Home Market News Billionaire investor Jeffrey Gundlach sees chance of recession at 65%

Billionaire investor Jeffrey Gundlach sees chance of recession at 65%

by Equity

A couple of years ago, Gundlach began highlighting key recession indicators on his webcasts, to see if there was potentially one on the horizon.

“For the first year and a half or so, it was always, ‘No. No indication of any coming recession.’ But, now, there are several indicators that suggest a recession could occur within the next year,” Gundlach said on a webcast on Thursday.

While not yet a certainty, the billionaire bond investor noted that the probabilities of the economy moving into the red had moved up. He calculated those chances at around 40 to 45% within the next six months — and 65% in the next year.

Most economists believe the U.S. economy is slowing, but few expect a recession, technically defined as two consecutive quarters of negative growth.

The U.S. Conference Board’s Leading Economic Indicator, a key gauge followed by market watchers, is not forecasting one at present.

Still, Wall Street has been rooting for the Federal Reserve to cut interest rates by sending bond yields plunging, in part to ward off a deep downturn.

The red shaded vertical areas are recession periods historically and the dark blue line is year over year conference board leading economic indicator.

In Gundlach’s graphics, the red shaded vertical areas represent recession periods, while the dark blue line is the year-over-year conference board leading economic indicator.

Thus far, the conditions for negative growth have not been met, he said.

“You’ve never got a recession without the leading indicator touching 0 and going through it. That hasn’t happened yet,” Gundlach said.

“In fact, we are not even that close to 0 yet,” he said, adding that “2.7 is the year-over-year reading except our analysis suggests that it’s possible that the year-over-year leading indicator does go negative before year end.”

He emphasized that DoubleLine is not forecasting that move exactly, but recognizes that it’s a “possibility. So, we’re going to be watching this month by month.”

Race to the bottom in US, Europe

Gundlach proceeded to show the economic data change in the U.S., Europe, and globally, all of which he notes have been “declining pretty steadily.”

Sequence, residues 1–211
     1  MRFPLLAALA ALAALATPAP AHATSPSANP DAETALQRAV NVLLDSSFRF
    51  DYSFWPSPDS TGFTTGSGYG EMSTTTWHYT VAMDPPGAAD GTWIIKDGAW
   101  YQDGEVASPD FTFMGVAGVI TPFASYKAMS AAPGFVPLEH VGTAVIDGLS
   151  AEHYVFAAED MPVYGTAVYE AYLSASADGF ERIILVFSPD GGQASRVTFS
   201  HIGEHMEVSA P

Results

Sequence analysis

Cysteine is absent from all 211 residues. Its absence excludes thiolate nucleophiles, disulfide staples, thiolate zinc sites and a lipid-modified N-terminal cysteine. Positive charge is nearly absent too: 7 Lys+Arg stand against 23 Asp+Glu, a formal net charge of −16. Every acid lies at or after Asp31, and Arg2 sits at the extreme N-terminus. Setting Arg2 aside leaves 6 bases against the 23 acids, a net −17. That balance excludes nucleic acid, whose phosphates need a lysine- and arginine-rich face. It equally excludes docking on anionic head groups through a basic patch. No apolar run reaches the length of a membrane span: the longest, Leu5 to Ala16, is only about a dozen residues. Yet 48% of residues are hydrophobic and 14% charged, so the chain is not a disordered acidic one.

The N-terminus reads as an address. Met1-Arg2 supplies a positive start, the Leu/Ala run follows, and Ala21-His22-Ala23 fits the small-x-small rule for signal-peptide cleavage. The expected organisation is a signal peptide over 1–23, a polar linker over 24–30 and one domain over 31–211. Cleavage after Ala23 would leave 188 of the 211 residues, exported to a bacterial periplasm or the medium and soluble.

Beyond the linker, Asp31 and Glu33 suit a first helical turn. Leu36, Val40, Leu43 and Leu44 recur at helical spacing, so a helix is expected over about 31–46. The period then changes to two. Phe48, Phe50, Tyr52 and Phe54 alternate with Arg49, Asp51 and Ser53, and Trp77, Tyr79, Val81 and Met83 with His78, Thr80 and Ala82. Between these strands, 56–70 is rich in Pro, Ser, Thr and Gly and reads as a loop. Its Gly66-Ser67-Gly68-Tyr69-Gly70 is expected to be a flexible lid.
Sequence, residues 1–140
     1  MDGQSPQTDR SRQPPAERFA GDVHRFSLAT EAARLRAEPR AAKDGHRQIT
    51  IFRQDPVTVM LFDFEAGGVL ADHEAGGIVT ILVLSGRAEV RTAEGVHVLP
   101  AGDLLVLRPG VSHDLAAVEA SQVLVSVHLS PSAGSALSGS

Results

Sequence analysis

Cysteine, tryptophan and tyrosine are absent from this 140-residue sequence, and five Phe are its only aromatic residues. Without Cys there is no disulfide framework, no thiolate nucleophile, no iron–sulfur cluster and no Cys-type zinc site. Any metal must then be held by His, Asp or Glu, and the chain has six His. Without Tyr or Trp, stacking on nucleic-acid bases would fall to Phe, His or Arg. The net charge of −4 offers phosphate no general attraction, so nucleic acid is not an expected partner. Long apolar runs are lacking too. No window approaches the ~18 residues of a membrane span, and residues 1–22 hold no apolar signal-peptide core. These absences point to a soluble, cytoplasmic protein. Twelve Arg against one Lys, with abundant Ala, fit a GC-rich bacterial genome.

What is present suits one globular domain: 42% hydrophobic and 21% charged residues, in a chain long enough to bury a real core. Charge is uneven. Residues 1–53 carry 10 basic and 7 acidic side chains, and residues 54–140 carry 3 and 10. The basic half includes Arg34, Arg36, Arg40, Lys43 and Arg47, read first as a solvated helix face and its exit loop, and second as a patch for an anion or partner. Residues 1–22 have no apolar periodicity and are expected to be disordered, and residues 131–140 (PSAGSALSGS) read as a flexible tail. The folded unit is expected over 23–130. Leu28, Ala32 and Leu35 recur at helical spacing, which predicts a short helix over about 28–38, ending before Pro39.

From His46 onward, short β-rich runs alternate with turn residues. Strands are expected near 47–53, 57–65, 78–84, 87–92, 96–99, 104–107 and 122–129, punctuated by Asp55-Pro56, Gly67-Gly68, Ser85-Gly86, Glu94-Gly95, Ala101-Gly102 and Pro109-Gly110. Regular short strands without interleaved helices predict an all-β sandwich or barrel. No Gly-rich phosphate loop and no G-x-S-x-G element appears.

Economic data has been coming out weaker.

DoubleLine’s indicator compares data as it comes out day-by-day for each dataset to its 12-month moving average. It gives a gauge of the momentum of the economy.

According to the picture painted by DoubleLine’s data, the global economy has been performing “below trend consistently for over a year, and so that is clearly not showing signs of robust health,” Gundlach said.

For the billionaire, the indicator that’s “the most concerning” is the U.S. Conference Board Consumer Expectations Less Current Situation. That particular data set compares the current consumer views of the strength of the economy, compared to their view of how the economy will be in the future.

This is the 'most concerning' indicator about an impending recession.

This is the ‘most concerning’ indicator about an impending recession.

Currently, that data represents a stark “sea of red ink” that’s developing a “warning sign” that the economy is heading toward recession.

And, when the red area starts reversing that usually happens inline with the front edge of a recession.

“But this is really worth watching, [and] if this trend continues it would be due to the view of the present deteriorating and that would be a really strong recessionary sign,” Gundlach said.

“So it’s for this reason that I think we do have a potential for recession that’s not insignificant in the next six months,” he added.

The SPDR S&P 500 ETF Trust (SPY) was trading at $289.08 per share on Friday morning, down $0.50 (-0.17%). Year-to-date, SPY has gained 8.76%.

SPY currently has an ETF Daily News SMART Grade of A (Strong Buy), and is ranked #1 of 154 ETFs in the Large Cap Blend ETFs category.

This article is brought to you courtesy of Yahoo! Finance.

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